Furthermore, it is established in precedents of the CC that, if the name of a certain company is stated at the beginning of an agreement and a person signed the agreement on behalf of this company where signatories are set out to sign, this constitutes a legal presumption confirming that the person who signed the agreement was authorised by the company to enter into contractual agreements. In this case, all rights and obligations stemming from this agreement become binding on the company.
To elaborate, the CC made a distinction between two scenarios:
The reason for such distinction, as reasoned by the CC, is that the principles of good faith dictate that a party’s consent when entering into a contractual obligation must be free of any coercion or misrepresentation. This is in addition to the legal rule that a party may not manufacture evidence for itself against another.
In light of the above, when examining the SPAs where the parties agreed to arbitration, the CC noted that the names of parties were stated without explicitly stating the names of its representatives. The SPAs were further signed by unreadable signatures without stating the names of such signatories. Consequently, the Court found that, in line with the legal principles stated above, the signatures on the SPAs were attributed to the legal representatives of the parties and as such their agreement to arbitrate was valid and the State Courts did not have jurisdiction over the dispute.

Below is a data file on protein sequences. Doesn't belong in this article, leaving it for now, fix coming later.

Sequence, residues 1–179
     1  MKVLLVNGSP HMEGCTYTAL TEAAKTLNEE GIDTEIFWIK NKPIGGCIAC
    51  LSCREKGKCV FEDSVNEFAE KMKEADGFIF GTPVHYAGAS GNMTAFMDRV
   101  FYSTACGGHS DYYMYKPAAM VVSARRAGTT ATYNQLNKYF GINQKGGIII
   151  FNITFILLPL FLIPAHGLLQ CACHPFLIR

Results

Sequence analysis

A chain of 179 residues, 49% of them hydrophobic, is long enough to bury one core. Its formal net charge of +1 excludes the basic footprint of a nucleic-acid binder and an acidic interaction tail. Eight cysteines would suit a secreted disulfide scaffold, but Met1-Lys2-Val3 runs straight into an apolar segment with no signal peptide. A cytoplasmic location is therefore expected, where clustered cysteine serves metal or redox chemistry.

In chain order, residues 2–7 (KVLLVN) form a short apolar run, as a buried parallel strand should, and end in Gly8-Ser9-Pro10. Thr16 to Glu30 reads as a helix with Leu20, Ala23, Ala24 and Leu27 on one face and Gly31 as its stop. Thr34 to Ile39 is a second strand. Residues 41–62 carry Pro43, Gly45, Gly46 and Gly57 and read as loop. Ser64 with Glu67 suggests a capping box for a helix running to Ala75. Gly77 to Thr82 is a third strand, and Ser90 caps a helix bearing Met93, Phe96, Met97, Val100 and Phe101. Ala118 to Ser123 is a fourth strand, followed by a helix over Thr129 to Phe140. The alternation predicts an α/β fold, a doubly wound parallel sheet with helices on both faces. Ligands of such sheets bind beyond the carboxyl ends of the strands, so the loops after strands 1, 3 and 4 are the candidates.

Parties entering into any agreement would be advised to ensure that the names and capacities of their signatories are clearly stated both at the ‘parties’ clause as well as the ‘signature’ section of the contract. This is especially the case when there is an agreement to arbitrate.
Moreover, the parties must be mindful of the fact that only the authorised person whose name is stated in the agreement must actually sign the agreement, otherwise they may face challenges to the authority of the signatories and, by extension, the terms of the agreement.